• actix::Actor::handle() deserves a special note. The design choice was to provide a macro that lets us easily annotate every implementation of actix::Actor::handle(). This macro sets the following span attributes:

    • actor to the name of the struct that implements actix::Actor
    • handler to the name of the message struct

    And it lets you provide more span attributes. In the example, ClientActor specifies msg_type, which in all cases is identical to handler.


The Tracing documentation page in nearone's Outline documents the steps necessary to start moving the trace data from the node to Nearone's Grafana Cloud instance. Once you set up your nodes, you can use the explore page to verify that the traces are coming through.

Image displaying the Grafana explore page interacting with the grafana-nearinc-traces data source, with Service Name filter set to =~"neard:mocknet-mainnet-94194484-nagisa-10402-test-vzx2.near|neard:mocknet-mainnet-94194484-nagisa-10402-test-xdwp.near" and showing some traces having been found

If the traces are not coming through quite yet, consider using the ability to set logging configuration at runtime. Create $NEARD_HOME/log_config.json file with the following contents:

{ "opentelemetry": "info" }

Or optionally with rust_log setting to reduce logging on stdout:

{ "opentelemetry": "info", "rust_log": "WARN" }

and invoke sudo pkill -HUP neard. Double check that the collector is running as well.

Good to know: You can modify the event/span/log targets you’re interested in just like when setting the RUST_LOG environment variable, including target filters. If you're setting verbose levels, consider selecting specific targets you're interested in too. This will help to keep trace ingest costs down.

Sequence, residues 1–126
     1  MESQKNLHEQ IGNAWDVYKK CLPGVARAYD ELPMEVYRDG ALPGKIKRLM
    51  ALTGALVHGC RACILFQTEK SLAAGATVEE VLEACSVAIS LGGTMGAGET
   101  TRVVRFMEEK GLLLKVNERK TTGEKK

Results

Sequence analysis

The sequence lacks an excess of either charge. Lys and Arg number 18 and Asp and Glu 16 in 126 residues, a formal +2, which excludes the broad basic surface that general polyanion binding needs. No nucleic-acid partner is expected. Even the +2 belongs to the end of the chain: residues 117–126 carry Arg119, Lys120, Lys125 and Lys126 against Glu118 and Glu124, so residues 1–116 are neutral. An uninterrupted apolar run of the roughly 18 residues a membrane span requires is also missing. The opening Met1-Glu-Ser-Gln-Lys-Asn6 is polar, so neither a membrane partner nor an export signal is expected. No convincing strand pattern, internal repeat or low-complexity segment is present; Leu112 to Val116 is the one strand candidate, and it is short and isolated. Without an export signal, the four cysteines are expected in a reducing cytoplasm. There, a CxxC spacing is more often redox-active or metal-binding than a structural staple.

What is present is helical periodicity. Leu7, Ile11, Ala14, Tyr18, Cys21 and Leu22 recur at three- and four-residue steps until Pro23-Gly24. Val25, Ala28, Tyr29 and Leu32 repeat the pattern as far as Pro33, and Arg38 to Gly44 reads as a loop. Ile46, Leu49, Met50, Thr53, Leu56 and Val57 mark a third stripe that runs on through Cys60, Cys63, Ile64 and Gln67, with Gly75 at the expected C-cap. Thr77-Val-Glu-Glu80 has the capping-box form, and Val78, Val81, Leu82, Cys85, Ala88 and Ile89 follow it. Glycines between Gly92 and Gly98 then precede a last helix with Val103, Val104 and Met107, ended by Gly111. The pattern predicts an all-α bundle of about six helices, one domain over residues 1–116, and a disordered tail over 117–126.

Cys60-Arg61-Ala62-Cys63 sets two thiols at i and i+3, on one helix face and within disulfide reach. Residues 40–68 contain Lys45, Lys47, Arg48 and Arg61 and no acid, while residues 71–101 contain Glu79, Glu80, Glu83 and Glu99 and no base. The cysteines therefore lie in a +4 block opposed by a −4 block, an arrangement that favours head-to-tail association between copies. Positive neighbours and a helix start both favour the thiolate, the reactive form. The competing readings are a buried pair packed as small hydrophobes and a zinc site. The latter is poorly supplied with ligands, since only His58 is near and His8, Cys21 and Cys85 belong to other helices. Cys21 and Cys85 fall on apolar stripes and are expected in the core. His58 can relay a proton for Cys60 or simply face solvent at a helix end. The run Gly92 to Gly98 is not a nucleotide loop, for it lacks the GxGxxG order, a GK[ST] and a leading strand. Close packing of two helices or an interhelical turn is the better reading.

For more information about the dynamic settings refer to core/dyn-configs code in the repository.

Local development

TODO: the setup is going to depend on whether one would like to use grafana stack or just jaeger or something else. We should document setting either of these up, including the otel collector and such for a full end-to-end setup. Success criteria: running integration tests should allow you to see the traces in your grafana/jaeger. This may require code changes as well.

Using the Grafana Stack here gives the benefit of all of the visualizations that are built-in. Any dashboards you build are also portable between the local environment and the Grafana Cloud instance. Jaeger may give a nicer interactive exploration ability. You can also set up both if you wish.


Now that the data is arriving into the databases, it is time to visualize the data to determine what you want to know about the node. The only general advise I have here is to check that the data source is indeed tempo or loki.


Initial exploration is best done with Grafana's Explore tool or some other mechanism to query and display individual traces.

The query builder available in Grafana makes the process quite straightforward to start with, but is also somewhat limited. Underlying TraceQL has many more features that are not available through the builder. For example, you can query data in somewhat of a relational manner, such as this query below queries only spans named process_receipt that take 50ms when run as part of new_chunk processing for shard 3!

{ name="new_chunk" && span.shard_id = "3" } >> { name="process_receipt" && duration > 50ms }